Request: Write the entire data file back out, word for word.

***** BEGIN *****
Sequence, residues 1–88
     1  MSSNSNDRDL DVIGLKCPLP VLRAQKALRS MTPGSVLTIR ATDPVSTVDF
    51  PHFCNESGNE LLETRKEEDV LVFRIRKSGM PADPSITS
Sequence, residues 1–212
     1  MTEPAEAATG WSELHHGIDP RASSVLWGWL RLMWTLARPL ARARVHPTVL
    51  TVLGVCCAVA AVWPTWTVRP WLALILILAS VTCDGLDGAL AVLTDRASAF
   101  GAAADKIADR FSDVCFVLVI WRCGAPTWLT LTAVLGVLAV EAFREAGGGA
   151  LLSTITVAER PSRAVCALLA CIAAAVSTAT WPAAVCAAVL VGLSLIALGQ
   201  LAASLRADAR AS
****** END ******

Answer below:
Sequence, residues 1–88
     1  MSSNSNDRDL DVIGLKCPLP VLRAQKALRS MTPGSVLTIR ATDPVSTVDF
    51  PHFCNESGNE LLETRKEEDV LVFRIRKSGM PADPSITS
Sequence, residues 1–212
     1  MTEPAEAATG WSELHHGIDP RASSVLWGWL RLMWTLARPL ARARVHPTVL
    51  TVLGVCCAVA AVWPTWTVRP WLALILILAS VTCDGLDGAL AVLTDRASAF
   101  GAAADKIADR FSDVCFVLVI WRCGAPTWLT LTAVLGVLAV EAFREAGGGA
   151  LLSTITVAER PSRAVCALLA CIAAAVSTAT WPAAVCAAVL VGLSLIALGQ
   201  LAASLRADAR AS